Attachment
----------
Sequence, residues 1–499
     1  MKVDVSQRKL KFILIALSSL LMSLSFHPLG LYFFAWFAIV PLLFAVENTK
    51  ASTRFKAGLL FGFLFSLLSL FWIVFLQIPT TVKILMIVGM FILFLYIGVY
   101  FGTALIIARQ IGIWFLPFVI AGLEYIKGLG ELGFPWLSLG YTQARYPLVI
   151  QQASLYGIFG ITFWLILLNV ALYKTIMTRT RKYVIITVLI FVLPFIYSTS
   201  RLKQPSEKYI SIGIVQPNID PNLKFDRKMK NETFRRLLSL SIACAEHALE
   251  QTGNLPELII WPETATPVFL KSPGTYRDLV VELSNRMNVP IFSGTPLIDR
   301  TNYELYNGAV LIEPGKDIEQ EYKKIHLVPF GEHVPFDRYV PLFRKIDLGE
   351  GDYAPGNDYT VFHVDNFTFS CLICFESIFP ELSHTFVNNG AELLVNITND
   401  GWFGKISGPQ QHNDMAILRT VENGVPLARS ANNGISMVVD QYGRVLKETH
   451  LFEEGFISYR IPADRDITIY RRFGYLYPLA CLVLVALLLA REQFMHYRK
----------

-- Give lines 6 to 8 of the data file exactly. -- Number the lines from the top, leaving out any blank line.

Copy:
   201  RLKQPSEKYI SIGIVQPNID PNLKFDRKMK NETFRRLLSL SIACAEHALE
   251  QTGNLPELII WPETATPVFL KSPGTYRDLV VELSNRMNVP IFSGTPLIDR
   301  TNYELYNGAV LIEPGKDIEQ EYKKIHLVPF GEHVPFDRYV PLFRKIDLGE